|110th Year, 48th Issue||Thursday, July 8, 1999||Sparta, North Carolina|
The dairy industry is changing.
Market conditions in 1999 and 2000 are expected to be much different than the sluggish milk production of record farm milk prices of 1998. Recent relatively high producer returns are expected to unleash a surge of milk production in most of the nation.
Sufficient production will overtake projected milk demand and cause farm milk prices to drop sharply. However, the timing of these developments is highly uncertain. The full brunt of the production expansion is projected to arrive in 2000.
Milk Production Expansion Begins
A number of cross-currents affected 1998 milk productions. Concentrated feed prices began the year somewhat high but fell considerably. Weather effects were quite adverse in some regions at some time but were quite favorable at other places and times.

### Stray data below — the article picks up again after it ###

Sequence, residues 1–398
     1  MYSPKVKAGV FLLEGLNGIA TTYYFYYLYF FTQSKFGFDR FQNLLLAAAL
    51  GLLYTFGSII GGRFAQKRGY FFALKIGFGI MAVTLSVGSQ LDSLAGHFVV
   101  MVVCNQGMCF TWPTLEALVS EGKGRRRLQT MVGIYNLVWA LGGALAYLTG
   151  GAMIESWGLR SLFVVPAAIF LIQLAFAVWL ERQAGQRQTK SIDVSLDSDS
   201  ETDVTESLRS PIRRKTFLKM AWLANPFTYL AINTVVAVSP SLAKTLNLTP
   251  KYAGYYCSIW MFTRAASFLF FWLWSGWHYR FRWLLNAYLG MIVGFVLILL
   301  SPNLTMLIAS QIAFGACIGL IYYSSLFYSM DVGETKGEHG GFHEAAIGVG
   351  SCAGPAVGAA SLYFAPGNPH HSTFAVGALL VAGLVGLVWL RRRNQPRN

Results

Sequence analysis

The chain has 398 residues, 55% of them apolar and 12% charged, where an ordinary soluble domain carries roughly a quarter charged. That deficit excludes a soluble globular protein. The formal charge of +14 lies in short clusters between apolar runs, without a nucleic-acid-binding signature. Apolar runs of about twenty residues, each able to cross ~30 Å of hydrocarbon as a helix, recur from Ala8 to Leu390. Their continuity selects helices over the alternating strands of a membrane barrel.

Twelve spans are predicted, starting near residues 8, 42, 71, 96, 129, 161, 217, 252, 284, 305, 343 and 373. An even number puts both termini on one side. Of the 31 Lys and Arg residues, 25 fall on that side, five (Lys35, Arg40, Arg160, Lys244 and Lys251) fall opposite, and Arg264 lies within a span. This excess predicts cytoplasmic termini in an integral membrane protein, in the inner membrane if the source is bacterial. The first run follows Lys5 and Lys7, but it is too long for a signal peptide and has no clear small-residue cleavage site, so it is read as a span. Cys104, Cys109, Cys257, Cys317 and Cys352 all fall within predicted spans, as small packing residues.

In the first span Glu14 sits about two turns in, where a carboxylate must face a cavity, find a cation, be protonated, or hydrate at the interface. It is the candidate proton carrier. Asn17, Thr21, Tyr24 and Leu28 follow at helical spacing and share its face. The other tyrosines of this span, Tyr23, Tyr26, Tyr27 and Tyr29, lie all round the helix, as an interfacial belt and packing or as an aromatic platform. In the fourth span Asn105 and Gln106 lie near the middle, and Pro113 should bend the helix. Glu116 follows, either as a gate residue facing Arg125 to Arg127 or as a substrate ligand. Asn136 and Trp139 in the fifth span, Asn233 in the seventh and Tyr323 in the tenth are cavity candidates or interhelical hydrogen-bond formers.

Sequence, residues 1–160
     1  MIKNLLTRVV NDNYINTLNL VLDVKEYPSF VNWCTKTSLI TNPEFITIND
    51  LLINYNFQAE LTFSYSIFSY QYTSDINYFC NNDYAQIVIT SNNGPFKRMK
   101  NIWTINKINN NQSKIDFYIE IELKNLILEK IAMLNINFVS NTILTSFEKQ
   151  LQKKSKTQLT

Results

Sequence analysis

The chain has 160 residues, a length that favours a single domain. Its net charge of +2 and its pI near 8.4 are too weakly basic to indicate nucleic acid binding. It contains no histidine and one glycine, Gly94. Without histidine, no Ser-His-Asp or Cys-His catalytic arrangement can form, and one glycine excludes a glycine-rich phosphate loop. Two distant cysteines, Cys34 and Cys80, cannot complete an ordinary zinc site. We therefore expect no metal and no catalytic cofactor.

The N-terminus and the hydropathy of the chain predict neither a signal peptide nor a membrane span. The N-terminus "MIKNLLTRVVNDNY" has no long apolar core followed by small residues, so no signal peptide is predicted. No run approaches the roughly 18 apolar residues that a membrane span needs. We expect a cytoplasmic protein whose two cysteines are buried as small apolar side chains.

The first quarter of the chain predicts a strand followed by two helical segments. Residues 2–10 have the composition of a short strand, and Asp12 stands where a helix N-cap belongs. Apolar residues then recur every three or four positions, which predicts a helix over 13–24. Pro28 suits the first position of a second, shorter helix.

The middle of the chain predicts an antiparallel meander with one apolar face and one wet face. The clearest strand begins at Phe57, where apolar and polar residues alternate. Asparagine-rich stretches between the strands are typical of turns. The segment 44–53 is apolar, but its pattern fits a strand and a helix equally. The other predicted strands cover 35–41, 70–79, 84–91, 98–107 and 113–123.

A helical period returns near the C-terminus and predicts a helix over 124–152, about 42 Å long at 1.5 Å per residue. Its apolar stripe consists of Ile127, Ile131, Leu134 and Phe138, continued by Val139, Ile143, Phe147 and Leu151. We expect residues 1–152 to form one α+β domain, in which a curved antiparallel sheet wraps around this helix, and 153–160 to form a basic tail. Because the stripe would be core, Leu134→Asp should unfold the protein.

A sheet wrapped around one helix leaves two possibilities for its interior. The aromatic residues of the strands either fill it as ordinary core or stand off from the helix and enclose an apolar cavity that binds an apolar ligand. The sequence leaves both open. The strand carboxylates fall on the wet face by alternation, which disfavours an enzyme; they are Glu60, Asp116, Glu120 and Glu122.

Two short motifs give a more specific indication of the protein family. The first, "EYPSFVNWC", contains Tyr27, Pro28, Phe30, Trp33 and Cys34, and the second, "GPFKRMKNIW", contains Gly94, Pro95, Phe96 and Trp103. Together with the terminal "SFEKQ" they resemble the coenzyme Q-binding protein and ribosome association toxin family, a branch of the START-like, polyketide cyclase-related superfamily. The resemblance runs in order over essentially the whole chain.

The key feature of 1998's milk production was the failure of output, for most of the year, to respond to high prices. Except for weather-related aberration, milk production was essentially flat from late 1995 until the autumn of 1998.
Although the exit of dairy farmers may not change much, the pressure of recent returns should spur expanding producers to pick up the pace. Even without optimal forage conditions, milk per cow should post a large gain, although it may not fully return to trend after the sluggishness of recent years.
Expansion in milk production is projected to accelerate gradually during 1999.
Alleghany Dairy facts
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